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Gastrointestinal microbiota contributes to the development of murine transfusion-related acute lung injury

Kapur, Rick LU ; Kim, Michael ; Rebetz, Johan LU ; Hallström, Björn LU ; Björkman, Jonas T ; Takabe-French, Alisa ; Kim, Noel ; Liu, Jonathan ; Shanmugabhavananthan, Shanjeevan and Milosevic, Stefan , et al. (2018) In Blood Advances 2(13). p.1651-1663
Abstract

Transfusion-related acute lung injury (TRALI) is a syndrome of respiratory distress upon blood transfusion and is the leading cause of transfusion-related fatalities. Whether the gut microbiota plays any role in the development of TRALI is currently unknown. We observed that untreated barrier-free (BF) mice suffered from severe antibody-mediated acute lung injury, whereas the more sterile housed specific pathogen-free (SPF) mice and gut flora-depleted BF mice were both protected from lung injury. The prevention of TRALI in the SPF mice and gut flora-depleted BF mice was associated with decreased plasma macrophage inflammatory protein-2 levels as well as decreased pulmonary neutrophil accumulation. DNA sequencing of amplicons of the 16S... (More)

Transfusion-related acute lung injury (TRALI) is a syndrome of respiratory distress upon blood transfusion and is the leading cause of transfusion-related fatalities. Whether the gut microbiota plays any role in the development of TRALI is currently unknown. We observed that untreated barrier-free (BF) mice suffered from severe antibody-mediated acute lung injury, whereas the more sterile housed specific pathogen-free (SPF) mice and gut flora-depleted BF mice were both protected from lung injury. The prevention of TRALI in the SPF mice and gut flora-depleted BF mice was associated with decreased plasma macrophage inflammatory protein-2 levels as well as decreased pulmonary neutrophil accumulation. DNA sequencing of amplicons of the 16S ribosomal RNA gene revealed a varying gastrointestinal bacterial composition between BF and SPF mice. BF fecal matter transferred into SPF mice significantly restored TRALI susceptibility in SPF mice. These data reveal a link between the gut flora composition and the development of antibody-mediated TRALI in mice. Assessment of gut microbial composition may help in TRALI risk assessment before transfusion.

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Blood Advances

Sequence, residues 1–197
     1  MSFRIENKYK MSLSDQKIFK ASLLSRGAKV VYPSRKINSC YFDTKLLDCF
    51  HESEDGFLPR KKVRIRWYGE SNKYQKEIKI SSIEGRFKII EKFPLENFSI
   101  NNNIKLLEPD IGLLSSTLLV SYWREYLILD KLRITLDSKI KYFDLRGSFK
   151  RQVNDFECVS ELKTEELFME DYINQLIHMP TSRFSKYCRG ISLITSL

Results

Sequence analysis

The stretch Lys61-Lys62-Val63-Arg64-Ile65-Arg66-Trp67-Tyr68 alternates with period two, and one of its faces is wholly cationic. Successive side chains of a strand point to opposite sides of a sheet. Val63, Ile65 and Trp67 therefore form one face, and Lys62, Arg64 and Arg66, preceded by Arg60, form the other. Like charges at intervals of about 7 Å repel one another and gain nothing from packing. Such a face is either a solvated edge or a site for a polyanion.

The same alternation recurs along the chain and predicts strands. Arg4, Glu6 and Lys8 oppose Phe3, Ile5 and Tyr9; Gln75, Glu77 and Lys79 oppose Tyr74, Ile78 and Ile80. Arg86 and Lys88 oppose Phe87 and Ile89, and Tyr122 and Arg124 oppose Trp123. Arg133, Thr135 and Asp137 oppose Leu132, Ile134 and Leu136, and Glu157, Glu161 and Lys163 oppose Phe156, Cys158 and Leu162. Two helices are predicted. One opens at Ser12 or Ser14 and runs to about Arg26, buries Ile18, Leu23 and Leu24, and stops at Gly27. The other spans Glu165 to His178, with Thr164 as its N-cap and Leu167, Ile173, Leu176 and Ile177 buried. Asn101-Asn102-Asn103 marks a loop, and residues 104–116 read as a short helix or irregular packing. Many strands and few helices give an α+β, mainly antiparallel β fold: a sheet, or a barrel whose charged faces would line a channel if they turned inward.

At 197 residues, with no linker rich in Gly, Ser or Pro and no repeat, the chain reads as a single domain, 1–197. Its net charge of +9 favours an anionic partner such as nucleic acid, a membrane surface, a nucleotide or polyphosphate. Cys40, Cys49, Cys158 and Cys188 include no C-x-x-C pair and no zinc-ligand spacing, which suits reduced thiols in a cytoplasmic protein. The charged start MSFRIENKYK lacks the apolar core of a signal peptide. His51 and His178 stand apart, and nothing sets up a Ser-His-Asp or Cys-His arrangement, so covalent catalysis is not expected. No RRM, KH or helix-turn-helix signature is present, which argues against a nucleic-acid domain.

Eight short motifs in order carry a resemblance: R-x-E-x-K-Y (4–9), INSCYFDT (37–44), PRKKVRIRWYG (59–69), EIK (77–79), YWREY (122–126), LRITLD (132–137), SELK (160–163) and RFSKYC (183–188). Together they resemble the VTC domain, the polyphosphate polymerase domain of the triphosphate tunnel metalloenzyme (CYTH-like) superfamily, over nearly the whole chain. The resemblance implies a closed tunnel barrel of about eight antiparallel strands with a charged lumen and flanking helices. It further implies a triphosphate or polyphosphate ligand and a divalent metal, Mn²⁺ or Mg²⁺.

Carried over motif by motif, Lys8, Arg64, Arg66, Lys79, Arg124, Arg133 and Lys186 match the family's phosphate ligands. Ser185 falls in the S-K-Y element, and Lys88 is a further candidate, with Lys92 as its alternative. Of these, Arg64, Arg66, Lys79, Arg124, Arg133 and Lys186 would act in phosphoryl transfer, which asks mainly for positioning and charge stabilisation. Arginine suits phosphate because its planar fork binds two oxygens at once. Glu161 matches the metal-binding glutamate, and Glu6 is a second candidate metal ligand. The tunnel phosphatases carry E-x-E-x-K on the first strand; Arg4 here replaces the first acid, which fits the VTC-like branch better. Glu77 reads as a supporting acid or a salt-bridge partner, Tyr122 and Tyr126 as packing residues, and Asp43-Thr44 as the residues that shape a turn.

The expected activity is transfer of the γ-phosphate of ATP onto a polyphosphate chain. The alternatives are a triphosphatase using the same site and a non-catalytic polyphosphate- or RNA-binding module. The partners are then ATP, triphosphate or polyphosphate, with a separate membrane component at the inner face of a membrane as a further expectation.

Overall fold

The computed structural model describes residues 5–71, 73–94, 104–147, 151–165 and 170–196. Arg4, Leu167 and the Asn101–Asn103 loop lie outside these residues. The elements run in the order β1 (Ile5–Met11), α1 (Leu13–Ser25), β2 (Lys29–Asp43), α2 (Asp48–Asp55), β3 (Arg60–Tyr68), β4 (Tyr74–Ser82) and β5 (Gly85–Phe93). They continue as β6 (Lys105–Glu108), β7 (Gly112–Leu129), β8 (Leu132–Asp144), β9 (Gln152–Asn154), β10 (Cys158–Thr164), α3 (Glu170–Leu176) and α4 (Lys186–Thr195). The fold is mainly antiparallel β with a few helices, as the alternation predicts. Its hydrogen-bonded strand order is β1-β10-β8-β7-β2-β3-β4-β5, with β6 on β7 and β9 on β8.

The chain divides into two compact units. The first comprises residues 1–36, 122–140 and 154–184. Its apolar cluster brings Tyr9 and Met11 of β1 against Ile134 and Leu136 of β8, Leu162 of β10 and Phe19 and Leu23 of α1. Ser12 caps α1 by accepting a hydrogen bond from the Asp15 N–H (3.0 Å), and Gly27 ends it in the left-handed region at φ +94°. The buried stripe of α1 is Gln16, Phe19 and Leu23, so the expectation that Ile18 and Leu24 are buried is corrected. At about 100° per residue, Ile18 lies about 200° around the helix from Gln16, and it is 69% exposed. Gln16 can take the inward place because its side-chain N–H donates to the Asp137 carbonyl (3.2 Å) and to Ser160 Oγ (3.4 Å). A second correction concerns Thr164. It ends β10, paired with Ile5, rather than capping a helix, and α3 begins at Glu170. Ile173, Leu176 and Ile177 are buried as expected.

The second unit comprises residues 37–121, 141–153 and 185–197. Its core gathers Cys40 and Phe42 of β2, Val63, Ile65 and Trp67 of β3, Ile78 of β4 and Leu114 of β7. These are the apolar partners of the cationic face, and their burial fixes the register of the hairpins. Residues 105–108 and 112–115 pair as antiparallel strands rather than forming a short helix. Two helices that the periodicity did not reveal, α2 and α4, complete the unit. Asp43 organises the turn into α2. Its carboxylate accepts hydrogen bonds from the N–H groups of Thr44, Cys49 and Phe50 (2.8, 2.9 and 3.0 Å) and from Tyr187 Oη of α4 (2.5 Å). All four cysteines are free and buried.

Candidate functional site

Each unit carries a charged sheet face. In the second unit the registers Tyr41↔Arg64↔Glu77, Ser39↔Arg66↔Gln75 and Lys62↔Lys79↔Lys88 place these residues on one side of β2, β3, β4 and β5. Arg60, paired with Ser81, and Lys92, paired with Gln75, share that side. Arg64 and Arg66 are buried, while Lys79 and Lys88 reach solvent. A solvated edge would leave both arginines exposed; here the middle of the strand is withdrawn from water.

volume
2
issue
13
pages
1651 - 1663
publisher
American Society of Hematology
external identifiers
  • pmid:29991496
  • scopus:85055233556
ISSN
2473-9529
DOI
10.1182/bloodadvances.2018018903
language
English
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yes
id
d6cb0f0d-9f0d-4abd-9b45-fc05b997f481
date added to LUP
2018-08-06 16:24:36
date last changed
2020-09-16 03:52:36
@article{d6cb0f0d-9f0d-4abd-9b45-fc05b997f481,
  abstract     = {<p>Transfusion-related acute lung injury (TRALI) is a syndrome of respiratory distress upon blood transfusion and is the leading cause of transfusion-related fatalities. Whether the gut microbiota plays any role in the development of TRALI is currently unknown. We observed that untreated barrier-free (BF) mice suffered from severe antibody-mediated acute lung injury, whereas the more sterile housed specific pathogen-free (SPF) mice and gut flora-depleted BF mice were both protected from lung injury. The prevention of TRALI in the SPF mice and gut flora-depleted BF mice was associated with decreased plasma macrophage inflammatory protein-2 levels as well as decreased pulmonary neutrophil accumulation. DNA sequencing of amplicons of the 16S ribosomal RNA gene revealed a varying gastrointestinal bacterial composition between BF and SPF mice. BF fecal matter transferred into SPF mice significantly restored TRALI susceptibility in SPF mice. These data reveal a link between the gut flora composition and the development of antibody-mediated TRALI in mice. Assessment of gut microbial composition may help in TRALI risk assessment before transfusion.</p>},
  author       = {Kapur, Rick and Kim, Michael and Rebetz, Johan and Hallström, Björn and Björkman, Jonas T and Takabe-French, Alisa and Kim, Noel and Liu, Jonathan and Shanmugabhavananthan, Shanjeevan and Milosevic, Stefan and McVey, Mark J and Speck, Edwin R and Semple, John W},
  issn         = {2473-9529},
  language     = {eng},
  month        = {07},
  number       = {13},
  pages        = {1651--1663},
  publisher    = {American Society of Hematology},
  series       = {Blood Advances},
  title        = {Gastrointestinal microbiota contributes to the development of murine transfusion-related acute lung injury},
  url          = {http://dx.doi.org/10.1182/bloodadvances.2018018903},
  doi          = {10.1182/bloodadvances.2018018903},
  volume       = {2},
  year         = {2018},
}